DUBAI/LONDON (Reuters) -Attacks from Houthi-controlled Yemen struck two Liberian-flagged ships in the Bab al-Mandab Strait on Friday, the U.S. military said, underlining the threat to vessels in shipping lanes being targeted by the Iran-aligned group.
Danish shipping company A.P. Moller-Maersk said it would pause all container shipments through the Red Sea until further notice. German container line Hapag Lloyd said it was considering a similar move.
A drone struck one of the Liberian-flagged vessels, the Al Jasrah, causing a fire which was eventually extinguished, U.S. Central Command said.
Two ballistic missiles were fired by Houthi forces in the second attack, one of which struck the Liberian flagged MSC Palatium III, causing a fire, it added.
A U.S. warship, the Mason, responded to the request from the Palatium III.
Earlier in the day, Central Command said, the MSC Alanya was travelling north in the southern Red Sea and Houthi forces threatened to attack it and told it to turn around and go south.
U.S. forces were not in the area but kept communicating with the vessel and it continued north, the statement added.
“No injuries have been reported by any of the three ships attacked, but this latest round of attacks is yet another demonstration of the great risk to international shipping caused by these Houthi actions,” the Central Command said.
The Houthis said in a statement that they had fired missiles at two ships – the MSC Alanya and MSC Palatium III. Their statement made no mention of Al Jasrah.
An MSC spokesperson said there had been no attack on the Alanya. Asked about the Houthi claim of an attack on the Palatium III, the spokesperson provided no further comment.
The Houthis said both vessels had been heading to Israel. The group has said it wants to support Palestinians as Israeli forces wage war against Iran-aligned Hamas militants in the Gaza Strip.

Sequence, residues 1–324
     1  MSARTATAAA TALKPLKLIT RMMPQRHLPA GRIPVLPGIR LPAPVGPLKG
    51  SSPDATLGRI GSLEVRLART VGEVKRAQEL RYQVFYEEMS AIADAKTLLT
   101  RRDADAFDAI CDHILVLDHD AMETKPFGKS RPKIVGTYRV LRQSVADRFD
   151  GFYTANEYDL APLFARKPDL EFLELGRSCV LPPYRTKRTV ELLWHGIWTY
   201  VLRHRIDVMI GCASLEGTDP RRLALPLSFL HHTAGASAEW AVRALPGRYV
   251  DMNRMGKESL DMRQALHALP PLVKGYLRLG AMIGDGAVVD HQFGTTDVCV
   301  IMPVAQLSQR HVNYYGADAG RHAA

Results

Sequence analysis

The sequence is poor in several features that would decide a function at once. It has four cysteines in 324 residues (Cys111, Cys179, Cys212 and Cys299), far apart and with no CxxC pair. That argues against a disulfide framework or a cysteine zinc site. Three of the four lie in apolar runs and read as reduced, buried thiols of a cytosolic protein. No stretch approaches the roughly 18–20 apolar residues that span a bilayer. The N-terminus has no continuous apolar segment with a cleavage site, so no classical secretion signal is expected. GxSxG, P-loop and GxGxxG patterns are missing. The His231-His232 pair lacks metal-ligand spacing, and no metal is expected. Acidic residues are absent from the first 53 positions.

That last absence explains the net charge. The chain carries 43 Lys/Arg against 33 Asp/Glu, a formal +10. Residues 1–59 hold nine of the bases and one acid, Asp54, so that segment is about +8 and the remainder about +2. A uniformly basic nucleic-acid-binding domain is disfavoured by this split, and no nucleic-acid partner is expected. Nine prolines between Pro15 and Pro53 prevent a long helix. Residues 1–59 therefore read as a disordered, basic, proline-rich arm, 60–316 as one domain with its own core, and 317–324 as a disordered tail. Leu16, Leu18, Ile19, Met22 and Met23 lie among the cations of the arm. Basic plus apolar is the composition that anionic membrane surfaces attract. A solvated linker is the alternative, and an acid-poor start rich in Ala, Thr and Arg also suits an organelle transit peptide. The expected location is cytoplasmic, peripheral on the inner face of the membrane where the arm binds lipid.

However, Alanya and Palatium III both listed Jeddah in Saudi Arabia as their destination, according to data from ship tracking and maritime analytics provider MarineTraffic.
“We will continue to prevent all ships heading to Israeli ports until the food and medicine our people need in the Gaza Strip is brought in,” the Houthi statement said.
“We assure all ships heading to all ports of the world apart from Israeli ports that they will suffer no harm and they must keep their identification device on,” it said.
HOUTHIS FIRINGS DRONES, MISSILES TOWARD ISRAEL
Part of the Iran-aligned “Axis of Resistance”, the Houthis have been attacking vessels in Red Sea shipping lanes and firing drones and missiles at Israel. The Houthis, who rule much of Yemen, have said they would continue their attacks until Israel stops its offensive in the Gaza Strip.
A spokesperson for Hapag-Lloyd, the company that owns Al Jasrah, said it was attacked while sailing near the Yemeni coast. “Hapag-Lloyd will take additional measures to secure the safety of our crews,” the spokesperson said, declining further comment.
British maritime security firm Ambrey said the Liberia-flagged container ship MSC Alanya was ordered to alter course towards Yemen by people aboard a small craft believed to be Houthis, forcing it take evasive measures.
Ambrey said the MSC Alanya was warned by the Houthis not to proceed northbound, and quoted them addressing the crew: “Captain you are not allowed to proceed to the Red Sea. Alter your course to the south side, now”.
Ambrey said the Liberia-flagged, Swiss-owned container ship MSC Palatium III was targeted while sailing northbound some 23 miles southwest of the Mokha, receiving the same warning as the Alanya.
Late on Thursday, the Houthis claimed to have carried out a military operation against a Maersk container vessel, directly hitting it with a drone. The Danish shipping company denied the claim and said the vessel was not hit.
But the company said on Friday it would pause all container shipments through the Red Sea until further notice and send them on a detour around Africa.
“Following the near-miss incident involving Maersk Gibraltar yesterday and yet another attack on a container vessel today, we have instructed all Maersk vessels in the area bound to pass through the Bab al-Mandab Strait to pause their journey until further notice,” the company said in a statement.
Maersk on Thursday said its vessel Maersk Gibraltar was targeted by a missile while travelling from Salalah, Oman, to Jeddah, Saudi Arabia and that the crew and vessel were reported safe.
The U.S. Special Envoy for Yemen, Tim Lenderking, said on Thursday that Washington wanted the “broadest possible” maritime coalition to protect ships and signal to the Houthis that attacks would not be tolerated.
Iran warned that the proposed multinational naval force would face “extraordinary problems” and nobody “can make a move in a region where we have predominance”.
(Reporting by Nadine Awadalla, Tala Ramadan, Alexander Cornwell, Jan Choukeir and Nayera Abdallah in Dubai; Jonathan Saul in London; Idrees Ali in Washington; Writing by Nadine Awadalla and Tom Perry; Editing by Christina Fincher, Kirsten Donovan and Grant McCool)